Finally, for those preferring a passive approach, it should come from their ability to replicate the benchmark with the least possible deviation at the lowest possible cost, unless-of course- they search for (active) tilting away from the benchmark with the objective of adding some value. These approaches are not inconsistent; they all aim at achieving return relative to an objective or, to a reference index and at controlling risk both relative risk vis-à-vis a benchmark and, more importantly, absolute shortfall/downside risk i.e. the risk of capital losses/negative return.
The trustees when liberated from the cosy world of the regulation and investment restrictions imposed by the rulebook are on their own. They need to write down their strategic asset allocation and their risk profile, how they measure risk and how they control/manage it.
The European Commission wants to make this mandatory: ‘Member states shall ensure that every three years, as well as without delay after any significant change in the investment policy, all institutions located in their territories disclose their investment policies to the competent authority of the home member state. This will be done by sending a statement of investment policy principles containing the risk measurement methods and risk management processes implemented and the strategic asset allocation with respect to the nature and duration of pension liabilities’ (art.9 of the Proposal).
This requirement is absolute for DB as well as for DC type plans, for all small and all large plans. The SIP is a high level statement of responsibilities, beliefs and objectives which sets the framework against which the more detailed investment guidelines are drafted.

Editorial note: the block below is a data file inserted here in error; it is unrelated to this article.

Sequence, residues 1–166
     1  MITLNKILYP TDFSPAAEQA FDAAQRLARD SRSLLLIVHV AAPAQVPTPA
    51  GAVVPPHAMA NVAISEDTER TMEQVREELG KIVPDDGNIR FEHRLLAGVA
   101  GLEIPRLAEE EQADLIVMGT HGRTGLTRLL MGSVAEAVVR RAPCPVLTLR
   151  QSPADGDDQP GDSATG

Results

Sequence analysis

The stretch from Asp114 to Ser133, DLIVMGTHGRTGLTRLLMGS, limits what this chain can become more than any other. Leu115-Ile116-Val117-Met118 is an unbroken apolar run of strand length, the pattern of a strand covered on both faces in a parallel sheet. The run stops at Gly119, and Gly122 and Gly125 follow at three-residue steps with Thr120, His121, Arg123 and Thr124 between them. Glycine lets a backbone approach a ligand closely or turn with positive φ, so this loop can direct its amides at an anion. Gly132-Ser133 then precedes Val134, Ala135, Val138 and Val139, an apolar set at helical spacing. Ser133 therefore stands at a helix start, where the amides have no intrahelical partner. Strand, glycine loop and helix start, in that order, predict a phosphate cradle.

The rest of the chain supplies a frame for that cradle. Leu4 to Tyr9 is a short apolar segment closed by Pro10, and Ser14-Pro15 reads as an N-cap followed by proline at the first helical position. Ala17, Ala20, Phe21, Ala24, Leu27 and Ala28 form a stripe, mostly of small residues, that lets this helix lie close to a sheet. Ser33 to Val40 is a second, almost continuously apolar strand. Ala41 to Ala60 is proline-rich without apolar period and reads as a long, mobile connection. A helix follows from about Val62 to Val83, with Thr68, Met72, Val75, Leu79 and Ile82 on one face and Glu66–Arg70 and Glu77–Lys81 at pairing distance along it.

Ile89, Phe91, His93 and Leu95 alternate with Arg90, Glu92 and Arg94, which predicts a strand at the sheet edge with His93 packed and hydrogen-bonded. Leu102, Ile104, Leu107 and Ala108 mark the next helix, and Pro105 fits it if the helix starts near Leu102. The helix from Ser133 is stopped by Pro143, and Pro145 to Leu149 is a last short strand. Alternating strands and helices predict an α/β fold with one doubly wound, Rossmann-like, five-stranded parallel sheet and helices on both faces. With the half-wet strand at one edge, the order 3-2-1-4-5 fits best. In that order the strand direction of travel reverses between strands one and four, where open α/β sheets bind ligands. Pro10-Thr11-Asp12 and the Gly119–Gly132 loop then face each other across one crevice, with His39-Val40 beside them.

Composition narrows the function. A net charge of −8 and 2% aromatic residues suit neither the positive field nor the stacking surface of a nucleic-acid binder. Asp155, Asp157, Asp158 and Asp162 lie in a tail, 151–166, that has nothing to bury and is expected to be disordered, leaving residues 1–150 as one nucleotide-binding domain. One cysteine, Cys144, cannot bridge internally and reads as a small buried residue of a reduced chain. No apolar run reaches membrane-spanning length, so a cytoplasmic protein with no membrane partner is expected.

It provides the basis of accountability for all parties concerned.
It provides a clear audit trail which can also be communicated to members and beneficiaries as well as the reasoning behind the asset allocation, the risk profile, the asset-liability profile of the fund and the implementation issues involved.
The experience demonstrates that the obligation to write a SIP framework has obliged board of directors/trustees to focus on the essential objectives of any fund for which they are responsible and that it has considerably raised their professionalism, alertness and understanding. It has also shifted the (strategic) asset allocation and the risk tolerance in the right direction, that is to precisely where they should be for each fund specifically (‘Rebuilding Pensions’ Report, page 24).
In our recommendations with reference to the SIP (recommendations 5 and 41, pages 45 and 51), we go beyond what the European Commission is requiring in art.9 of the proposed directive. The latter nevertheless contains the essential requirements of a SIP.
We think a SIP can and must be an instrument that allows for greater clarity and understanding and that is indispensable if one moves to a ‘prudent man concept’ which is essential to get away from restrictions imposed by regulation.
Whether it will work to its full potential depends on the practical application, that is whether it becomes a tool to improve the investment strategy and the risk control and whether the parties involved namely the board of directors/trustees, the asset and liability managers and the fund’s management as well as supervisory authorities use it for that purpose.